Information on the number of anti-social behaviour orders granted or in progress is not held centrally, but I am aware of 10 ASBOs made to date. Orders have been granted in north Somerset—which my hon. Friends will be grateful to hear is a Conservative council area—Liverpool, Derbyshire, Redditch, Camden, Blackburn, Coventry and Waveney. They are a new weapon to help the police and local authorities to tackle anti-social behaviour in the community. We are giving more impetus to that work, and are setting up an action group to achieve that and to ensure that the police and local authorities have the confidence to take action quickly and efficiently.
I thank my hon. Friend for that reply. Is he aware that some of the delay involved in serving anti-social behaviour orders arises from difficulties with establishing the requisite evidence, either because the complaints are not sufficiently specific or because of intimidation or improvements in behaviour when inquiries are known to be afoot? Will he consider ways in which those difficulties might be overcome?
Certainly I will. As my right hon. Friend the Home Secretary said earlier, we are learning how best to address the evidential issues. We are considering ideas such as the use of portable videos in particular areas to strengthen the evidential basis of action, and we are talking to local authorities and police across the country to learn from their experience how we can give better guidance to ensure that there is much higher take-up of ASBOs. I hope that all Members of the House will encourage their local authorities and police to take up ASBOs in the most effective way.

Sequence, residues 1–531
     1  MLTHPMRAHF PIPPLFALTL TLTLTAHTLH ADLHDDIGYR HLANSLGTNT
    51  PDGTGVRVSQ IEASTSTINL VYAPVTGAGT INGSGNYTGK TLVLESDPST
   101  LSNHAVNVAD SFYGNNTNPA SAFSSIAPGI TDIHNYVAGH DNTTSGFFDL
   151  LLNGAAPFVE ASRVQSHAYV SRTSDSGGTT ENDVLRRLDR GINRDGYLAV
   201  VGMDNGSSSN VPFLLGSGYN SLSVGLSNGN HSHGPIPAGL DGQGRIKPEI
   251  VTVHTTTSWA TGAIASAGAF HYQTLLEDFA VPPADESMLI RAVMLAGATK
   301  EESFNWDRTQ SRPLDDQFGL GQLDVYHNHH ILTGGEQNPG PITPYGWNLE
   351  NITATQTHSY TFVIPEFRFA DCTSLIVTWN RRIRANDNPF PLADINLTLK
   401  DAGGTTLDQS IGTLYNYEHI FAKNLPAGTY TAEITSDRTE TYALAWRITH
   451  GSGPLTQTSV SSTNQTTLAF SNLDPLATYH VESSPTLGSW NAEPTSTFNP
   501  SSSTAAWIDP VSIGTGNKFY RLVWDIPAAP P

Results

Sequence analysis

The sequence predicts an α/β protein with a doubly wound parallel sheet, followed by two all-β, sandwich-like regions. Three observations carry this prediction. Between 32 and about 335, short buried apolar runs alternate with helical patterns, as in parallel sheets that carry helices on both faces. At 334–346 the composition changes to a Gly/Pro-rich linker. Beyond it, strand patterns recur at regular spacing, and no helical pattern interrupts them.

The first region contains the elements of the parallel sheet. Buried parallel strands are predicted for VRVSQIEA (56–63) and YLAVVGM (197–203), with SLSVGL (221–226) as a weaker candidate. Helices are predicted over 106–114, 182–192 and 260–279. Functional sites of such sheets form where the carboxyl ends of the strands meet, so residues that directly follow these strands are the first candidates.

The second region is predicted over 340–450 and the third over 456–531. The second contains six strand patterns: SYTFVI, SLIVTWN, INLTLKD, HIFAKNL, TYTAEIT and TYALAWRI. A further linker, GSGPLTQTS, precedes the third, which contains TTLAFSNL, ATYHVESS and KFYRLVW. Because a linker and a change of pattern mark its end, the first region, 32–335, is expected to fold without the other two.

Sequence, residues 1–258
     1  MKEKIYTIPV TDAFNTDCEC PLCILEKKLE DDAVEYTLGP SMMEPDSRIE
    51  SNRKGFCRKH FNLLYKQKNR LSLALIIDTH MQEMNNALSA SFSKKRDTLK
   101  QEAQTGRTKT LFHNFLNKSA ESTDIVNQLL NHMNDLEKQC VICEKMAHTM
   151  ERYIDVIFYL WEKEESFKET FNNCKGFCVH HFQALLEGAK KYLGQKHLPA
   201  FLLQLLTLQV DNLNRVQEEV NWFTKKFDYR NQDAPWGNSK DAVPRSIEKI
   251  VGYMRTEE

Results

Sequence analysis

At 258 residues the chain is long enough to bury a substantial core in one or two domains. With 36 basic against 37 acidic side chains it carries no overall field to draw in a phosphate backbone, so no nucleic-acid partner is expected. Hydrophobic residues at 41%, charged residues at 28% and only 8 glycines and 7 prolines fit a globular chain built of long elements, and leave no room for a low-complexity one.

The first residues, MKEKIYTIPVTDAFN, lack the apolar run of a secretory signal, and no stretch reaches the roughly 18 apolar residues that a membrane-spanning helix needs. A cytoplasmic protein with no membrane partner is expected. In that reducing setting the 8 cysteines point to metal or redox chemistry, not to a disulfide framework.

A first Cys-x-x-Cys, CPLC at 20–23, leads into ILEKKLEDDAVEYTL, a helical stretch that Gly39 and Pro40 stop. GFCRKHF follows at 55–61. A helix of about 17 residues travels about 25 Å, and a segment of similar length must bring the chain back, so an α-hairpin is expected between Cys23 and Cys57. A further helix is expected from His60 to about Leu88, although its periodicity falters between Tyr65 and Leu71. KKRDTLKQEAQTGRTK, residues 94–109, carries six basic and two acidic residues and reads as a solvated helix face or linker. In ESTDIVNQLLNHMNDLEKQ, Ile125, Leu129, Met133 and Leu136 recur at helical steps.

The Minister may read out a list of individual local authorities that have made orders, but is not the reality that pitifully few have been issued? Does he not recall that the Government promised that this measure was their way of addressing disorder in estates up and down the country? Should he not accept that the courts, the police and the local authorities have found the orders difficult to operate? Would not it be sensible to invite Lord Warner, as part of the review that the Home Secretary has announced, to consider the legal character of the orders? Instead of blaming civil rights lawyers, local authorities and Uncle Tom Cobbleigh and all, the Government should look at the nature of the orders, because that is where the defects arise. They will have to accept responsibility for that deficiency.
I have already said, as has my right hon. Friend the Home Secretary, that we intend to provide much stronger guidance, stronger guidelines and better protocols to address those issues. I am acutely conscious that Hertsmere is not one of the authorities that have so far issued an ASBO, and I hope that the hon. Gentleman has been doing his best to persuade it and local police to use one in his constituency.